Someplace Like America: Tales from the New Great Depressionby Dale Maharidge, Bruce Springsteen, Michael S. Williamson
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In Someplace Like America, writer Dale Maharidge and photographer Michael S. Williamson take us to the working-class heart of America, bringing to life—through shoe leather reporting, memoir, vivid stories, stunning photographs, and thoughtful analysis—the deepening crises of poverty and homelessness. The story begins in 1980, when the authors joined forces to cover the America being ignored by the mainstream media—people living on the margins and losing their jobs as a result of deindustrialization. Since then, Maharidge and Williamson have traveled more than half a million miles to investigate the state of the working class (winning a Pulitzer Prize in the process). In Someplace Like America, they follow the lives of several families over the thirty-year span to present an intimate and devastating portrait of workers going jobless. This brilliant and essential study—begun in the trickle-down Reagan years and culminating with the recent banking catastrophe—puts a human face on today’s grim economic numbers. It also illuminates the courage and resolve with which the next generation faces the future.
"Evokes the Depression-era collaboration of Walker Evans and James Agee."--Publishers Weekly
"Deserves high praise . . . . Undeniable relevance to today's American experience."--Foreword
"Maharidge's straightforward-but-impassioned prose and Williamson's gritty black-and white photographs make you angry. They're an indictment."--American Studies
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Someplace Like America
Tales from the New Great Depression
By Dale Maharidge, Michael S. Williamson
UNIVERSITY OF CALIFORNIA PRESSCopyright © 2013 Dale Maharidge and Michael S. Williamson
All rights reserved.
ON BECOMING A HOBO
The Burlington Northern freight train was going some 70 miles an hour. It was just after 2:00 A.M., April 27, 1982. We were north of Mount Shasta, at the top of California. The snow pack was deep. The temperature was in the high 20s. The wind chill factor was stunning: I'd been in actual air temperature of minus 20 degrees, and that's what it felt like. The other notable sensory torment was the clatter. This was no cushioned Amtrak ride. An empty boxcar pulled by a speeding train makes a lot of noise, as it violently rocks not just up and down but sideways, slamming you and throwing you around. I've been accused of overstatement when describing it as having a metal garbage can placed over your head and then having someone repeatedly strike it with a baseball bat, but that's precisely what the sound was like.
Yet I could hear Michael's teeth chattering. He lay against the front wall in a cotton sleeping bag designed to be a child's comforter for summer beach camping. He wore a sweater, denim jeans, and white tennis shoes. I paced in front of the boxcar door because I'd given up on my equally useless sleeping bag. I wore long underwear, thick pants, a heavy coat, hiking boots, and wool socks, and yet was beyond misery. I looked at the couple we were traveling with. They huddled beneath a thick sleeping bag, their two dogs piled on top of them.
His name was Wayne. He was twenty-four. She went by Lisa, never told us her real name. But she showed us her tits while we waited thirty-six hours in Sacramento for a freight train to catch out on. It was a hot Central Valley afternoon, and we were sitting in the shade of an old icehouse in the Western Pacific yard. She suddenly pulled off her shirt and bared her breasts. Wayne was legally blind, and perhaps she felt that he couldn't visually appreciate her womanhood as she thought we might. It was hardly a turn-on; she was still a child. She said she was nineteen, but no way was she much over sixteen.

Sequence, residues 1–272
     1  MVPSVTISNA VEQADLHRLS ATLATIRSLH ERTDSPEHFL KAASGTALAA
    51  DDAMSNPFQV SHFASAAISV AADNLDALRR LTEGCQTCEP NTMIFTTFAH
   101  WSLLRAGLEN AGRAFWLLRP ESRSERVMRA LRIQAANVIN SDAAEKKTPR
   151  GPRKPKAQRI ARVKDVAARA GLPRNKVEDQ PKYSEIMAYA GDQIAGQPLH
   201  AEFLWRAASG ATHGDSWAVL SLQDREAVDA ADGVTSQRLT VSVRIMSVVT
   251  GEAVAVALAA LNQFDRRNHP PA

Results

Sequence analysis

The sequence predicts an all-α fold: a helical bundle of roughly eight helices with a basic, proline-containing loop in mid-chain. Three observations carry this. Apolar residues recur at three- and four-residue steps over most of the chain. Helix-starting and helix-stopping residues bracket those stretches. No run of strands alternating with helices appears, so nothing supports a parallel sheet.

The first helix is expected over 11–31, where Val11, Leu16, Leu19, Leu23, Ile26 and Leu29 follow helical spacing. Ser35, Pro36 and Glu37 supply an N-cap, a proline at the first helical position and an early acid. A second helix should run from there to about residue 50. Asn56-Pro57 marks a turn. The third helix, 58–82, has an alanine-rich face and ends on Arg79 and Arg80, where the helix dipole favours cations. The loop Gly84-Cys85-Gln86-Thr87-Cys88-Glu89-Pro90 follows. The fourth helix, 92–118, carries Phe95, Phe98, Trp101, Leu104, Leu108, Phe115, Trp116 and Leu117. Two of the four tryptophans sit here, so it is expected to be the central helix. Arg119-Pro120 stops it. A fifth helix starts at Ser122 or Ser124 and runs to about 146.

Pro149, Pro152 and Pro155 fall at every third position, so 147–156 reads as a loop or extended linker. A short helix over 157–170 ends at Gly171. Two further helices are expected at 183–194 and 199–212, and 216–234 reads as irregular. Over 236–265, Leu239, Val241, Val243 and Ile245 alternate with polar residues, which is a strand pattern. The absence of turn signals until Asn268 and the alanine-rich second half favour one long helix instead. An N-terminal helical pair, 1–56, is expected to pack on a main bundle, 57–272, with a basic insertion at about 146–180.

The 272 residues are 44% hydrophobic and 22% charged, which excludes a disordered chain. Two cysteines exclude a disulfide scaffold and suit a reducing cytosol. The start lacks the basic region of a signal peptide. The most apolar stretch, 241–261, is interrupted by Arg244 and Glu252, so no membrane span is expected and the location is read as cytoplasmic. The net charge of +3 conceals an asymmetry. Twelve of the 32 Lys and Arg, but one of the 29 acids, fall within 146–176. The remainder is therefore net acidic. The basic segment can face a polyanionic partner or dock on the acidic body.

Traveling with Wayne and the girl hadn't been our plan. We were here to write about and photograph a different kind of homeless people, who happened to be hobos. We—
The train slowed, jarringly. Wayne and Lisa stirred. The dogs jumped up. I peered out the door. Lights of a town: "K-Falls," Klamath Falls, Oregon. Far ahead, someone was shining a jacklight on the train. No Thumbs, the old hobo we'd really wanted to ride with, had warned me that the K-Falls yard was hot and that the bull, the railroad cop, would light the train to catch riders. No Thumbs had been teaching me how to be a hobo, and he was going to be our guide of sorts for what we were really after. But No Thumbs, damn, he caught out early.
We entered the yard. I hid by running to the front of the boxcar. As we passed the bull's truck, one of the dogs walked into the jacklight that was blasting on the door. Maybe we could run off. I tried to hurry the others but confess I was equally slow; I was severely hypothermic. By the time we gathered our gear, the bull had driven the gravel road parallel with the stopped train. His left hand held a flashlight beaming on our eyes. His right hand was hard on a sidearm. He demanded identification; one of his sidekicks took the ID. The girl didn't have any. The bull ignored that.
"If the jail wasn't full, I'd be takin' you in," a voice behind the glare snapped. "I see you again, you're goin' to jail for five days."
The bull drove off. He wasn't so bad. No Thumbs had told me the bull in Dunsmuir, on the Southern Pacific line on the other side of Mount Shasta, routinely cracked heads.
We went into a meadow, spread sleeping bags, and lay shivering on the ground, cold and hard as frozen rib meat. For Michael and me, our world of a newspaper office was two days and a lifetime behind us. That morning, the girl had pointed to a passing Amtrak and called it the "people train." What she meant was that we weren't people.
We were hobos.
It was a transformation that had begun not long after I met Michael at the Sacramento Bee newspaper, where I was the new day police reporter. I hated cops but was happy to be working. I'd been living out of my Datsun truck for three months after driving out from Cleveland to seek newspaper work, sleeping in national forest campgrounds or at the side of roads. In August, the city editor, Bob Forsyth, said that he wanted to hire me. But there were no openings. Bob asked me to phone once each week. On the last day of October, he told me to call the following Wednesday, the day after the national election.